Your Winter Lavender Questions Answered
We have had several questions about how lavender does in Michigan winters. So, let’s get some of those questions answered today!
How does lavender tolerate Michigan winters?
There are several things you must consider when planting lavender in Michigan. One of the most important is purchasing the correct variety for Michigan’s Zone 5. Almost all local retailers, greenhouses and hardware stores know enough to carry Zone 5 hardy plants. It never hurts to double check the label that is stuck into the plant, just to make sure. If you are ordering online you will definitely need to specify Zone 5 compliant lavender plants. It is so disheartening to watch a plant die because it just isn’t cut out for Michigan’s climate.
Are there animals that will eat my lavender over the winter for food?
The answer to this one is yes, BUT they don’t do so as a first choice. Deer and rabbits are the two main creatures in Michigan that chew on lavender. That being said, they really don’t like the taste of it and much prefer other food sources. If our winter is brutal and we have sub-zero temps for an extended period of time they will start heading for your lavender plants. Often times you will see that the snow has been shoved aside from the top of your plant, typically they take a nibble to see if it is edible. We see this often at the edges of your lavender rows. (See picture) When we planted our first 400 plants we noticed that the plants on the outer edge of the field were chewed down to bare stems. I was concerned and asked Martha, the owner of Lavender Hill Farm in Niles, MI, for advice. She told me to “consider it a winter pruning” and it most likely would be fine. When the plants are young like that they don’t have such a strong camphor taste so the deer/rabbits tend to try them out more readily. Martha was right and the plants did well after the deer nibbled on them that first year. They sometimes will dig up the plant and chew on the roots, which is less bitter tasting then the crown of the plant. This of course will kill your plant. All in all lavender is pretty resistant to most winter critters and works well in an area that deer and rabbits inhabit heavily. Lavender is deer and rabbit resistant, not proof.
Will my lavender freeze over the winter? Do I need to cover it?
Lavender does so well in southwest Michigan because of our lake effect snow. This snow acts as an insulator from the deeply cold temps that can occur in Michigan. When you’re a Michigan lavender farmer, you celebrate snowstorms that bring a good dumping onto your plants. We are the weird ones doing a happy dance in winter squalls. Unfortunately the snow does not always stick around. When the snow melts off the plants such as we had this past weekend we lose this protection. If a deep deep freeze happens next then this is what can cause “freezer burn” on your plants. (This is my non-technical term) We lost a few plants last winter due to this. Most of them did well but they had shorter stems with less overall harvest then the previous year. We also noticed dead areas on about 25% of our angustifolia plants. We cut that out and are hoping the plants do well in the summer of 2018.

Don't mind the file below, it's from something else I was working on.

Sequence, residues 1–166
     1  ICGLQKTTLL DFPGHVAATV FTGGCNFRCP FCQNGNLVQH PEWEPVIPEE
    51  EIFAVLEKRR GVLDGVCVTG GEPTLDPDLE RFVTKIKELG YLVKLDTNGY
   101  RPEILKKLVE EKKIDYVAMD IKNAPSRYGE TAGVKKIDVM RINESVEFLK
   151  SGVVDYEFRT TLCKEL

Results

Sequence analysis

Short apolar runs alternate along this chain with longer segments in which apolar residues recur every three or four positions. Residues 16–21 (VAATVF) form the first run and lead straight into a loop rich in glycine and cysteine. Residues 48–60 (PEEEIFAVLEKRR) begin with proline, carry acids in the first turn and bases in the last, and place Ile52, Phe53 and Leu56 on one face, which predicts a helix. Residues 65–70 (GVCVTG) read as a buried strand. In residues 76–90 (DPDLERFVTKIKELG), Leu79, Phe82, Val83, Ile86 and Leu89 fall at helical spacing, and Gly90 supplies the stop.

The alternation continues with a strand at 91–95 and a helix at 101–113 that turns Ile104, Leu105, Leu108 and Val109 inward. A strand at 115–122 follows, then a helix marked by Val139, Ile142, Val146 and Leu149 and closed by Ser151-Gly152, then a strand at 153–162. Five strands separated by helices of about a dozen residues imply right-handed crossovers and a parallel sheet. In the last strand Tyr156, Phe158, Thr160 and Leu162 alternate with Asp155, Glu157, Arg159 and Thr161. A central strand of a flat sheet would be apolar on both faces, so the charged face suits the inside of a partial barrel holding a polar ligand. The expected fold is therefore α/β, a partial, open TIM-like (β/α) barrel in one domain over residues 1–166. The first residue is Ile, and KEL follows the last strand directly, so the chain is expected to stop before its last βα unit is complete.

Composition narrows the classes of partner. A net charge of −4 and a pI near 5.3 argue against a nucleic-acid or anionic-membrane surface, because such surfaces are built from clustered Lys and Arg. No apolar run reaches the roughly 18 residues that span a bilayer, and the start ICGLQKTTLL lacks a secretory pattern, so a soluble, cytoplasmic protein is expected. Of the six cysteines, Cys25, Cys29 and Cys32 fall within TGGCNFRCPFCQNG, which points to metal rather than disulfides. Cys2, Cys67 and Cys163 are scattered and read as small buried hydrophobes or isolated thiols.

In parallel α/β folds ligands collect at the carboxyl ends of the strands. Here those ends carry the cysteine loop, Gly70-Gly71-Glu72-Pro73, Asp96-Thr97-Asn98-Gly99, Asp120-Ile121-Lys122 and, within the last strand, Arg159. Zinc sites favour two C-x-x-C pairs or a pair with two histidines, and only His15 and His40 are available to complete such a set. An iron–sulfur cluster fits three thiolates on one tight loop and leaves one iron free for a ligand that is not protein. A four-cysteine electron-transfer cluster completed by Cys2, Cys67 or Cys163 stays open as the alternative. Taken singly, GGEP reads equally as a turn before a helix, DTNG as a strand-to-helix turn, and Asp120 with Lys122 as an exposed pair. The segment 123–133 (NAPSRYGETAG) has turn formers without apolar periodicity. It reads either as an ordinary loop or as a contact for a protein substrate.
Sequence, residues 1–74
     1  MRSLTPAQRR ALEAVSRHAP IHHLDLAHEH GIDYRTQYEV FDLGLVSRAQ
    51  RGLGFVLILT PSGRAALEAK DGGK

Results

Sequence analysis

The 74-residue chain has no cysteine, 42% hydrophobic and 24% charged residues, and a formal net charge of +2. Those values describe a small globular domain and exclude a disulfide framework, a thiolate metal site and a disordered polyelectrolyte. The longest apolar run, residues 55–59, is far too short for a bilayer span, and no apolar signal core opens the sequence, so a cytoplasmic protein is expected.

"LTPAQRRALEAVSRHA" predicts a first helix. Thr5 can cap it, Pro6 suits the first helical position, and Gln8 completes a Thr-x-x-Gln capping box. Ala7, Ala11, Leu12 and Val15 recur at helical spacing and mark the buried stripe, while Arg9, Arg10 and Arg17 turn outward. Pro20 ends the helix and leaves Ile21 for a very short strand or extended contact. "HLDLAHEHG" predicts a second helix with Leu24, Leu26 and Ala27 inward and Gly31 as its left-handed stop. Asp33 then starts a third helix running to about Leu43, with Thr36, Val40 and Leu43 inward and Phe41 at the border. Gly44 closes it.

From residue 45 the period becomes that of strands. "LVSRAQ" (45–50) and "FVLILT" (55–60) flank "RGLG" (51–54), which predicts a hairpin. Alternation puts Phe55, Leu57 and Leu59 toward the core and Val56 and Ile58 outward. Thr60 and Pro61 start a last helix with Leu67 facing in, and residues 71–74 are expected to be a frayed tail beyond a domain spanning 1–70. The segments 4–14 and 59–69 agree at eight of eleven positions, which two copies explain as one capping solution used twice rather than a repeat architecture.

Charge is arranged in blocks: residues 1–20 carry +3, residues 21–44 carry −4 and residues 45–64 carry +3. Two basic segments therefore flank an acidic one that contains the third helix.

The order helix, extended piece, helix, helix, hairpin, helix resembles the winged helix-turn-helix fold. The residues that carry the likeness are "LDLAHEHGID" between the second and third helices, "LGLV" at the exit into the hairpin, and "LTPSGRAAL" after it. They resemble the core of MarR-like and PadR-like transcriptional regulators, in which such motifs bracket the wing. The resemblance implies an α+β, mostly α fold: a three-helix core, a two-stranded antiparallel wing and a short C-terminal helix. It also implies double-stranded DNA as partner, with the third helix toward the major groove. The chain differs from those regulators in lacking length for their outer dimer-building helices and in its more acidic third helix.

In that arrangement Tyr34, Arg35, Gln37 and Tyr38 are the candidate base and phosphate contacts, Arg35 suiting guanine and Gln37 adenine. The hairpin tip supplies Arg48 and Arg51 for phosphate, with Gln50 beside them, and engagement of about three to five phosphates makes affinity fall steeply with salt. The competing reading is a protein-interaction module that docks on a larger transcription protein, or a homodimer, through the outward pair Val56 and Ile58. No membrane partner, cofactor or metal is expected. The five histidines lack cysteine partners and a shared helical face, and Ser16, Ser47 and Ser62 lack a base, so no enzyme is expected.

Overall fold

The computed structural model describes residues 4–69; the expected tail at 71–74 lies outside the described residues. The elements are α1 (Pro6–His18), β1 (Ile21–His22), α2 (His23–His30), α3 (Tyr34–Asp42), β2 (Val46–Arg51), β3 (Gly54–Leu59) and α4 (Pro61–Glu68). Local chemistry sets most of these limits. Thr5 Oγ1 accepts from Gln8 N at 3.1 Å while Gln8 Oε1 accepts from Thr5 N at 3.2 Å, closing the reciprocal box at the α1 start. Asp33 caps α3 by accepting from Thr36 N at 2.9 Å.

There were numerous lavender farmers that lost significant amounts of lavender plants in the winter of 2016/2017. Mike Neustrom, the president of the United States Lavender Growers Association, lost thousands of mature plants. Many of his plants were over 17 years old! His farm is Prairie Lavender Farm in Kansas. This can be devastating to a lavender farm that is open to the public and relies on the ambiance of lavender. I mean seriously, who wants to go to a lavender farm where there are only holes of dirt where the lavender used to be? Hello disappointment! Although, this is an amazing opportunity for the farm to teach the public about farming; the real life Mother Nature is a mean bitch type of farming. This is why we want to bring you out to the farm, to experience the good with the bad, the beauty with the pain and the rewards after the hardship. Sorry, I’ll get off my soapbox now. lol.
The point is, many types of lavender are cold tolerant and do amazingly well in Zone 5. After all, Leelanau Peninsula is on the same 45th parallel as Italy and France. This is why the grapes do so well for wine and the lavender for us ; ) Bottom line-plant that Zone 5 lavender and rest assured that it will most likely come through our winter with maybe a few small scars, but overall it will thrive.
Oh! Regarding winter covering. Most home gardeners do not need to worry about this. I would say no, don’t cover. There are several large lavender farms across the US that covers their plants. I have heard mixed results. So far we have chosen not to cover. This may change after this winter if we get too much winterkill again. It might be time to experiment with cover next year. We will keep you updated.
I hope that helps answer some of your questions. I would love to hear your thoughts and experiences. Unfortunately I am unable to respond to comments on here. : (
Stay warm folks!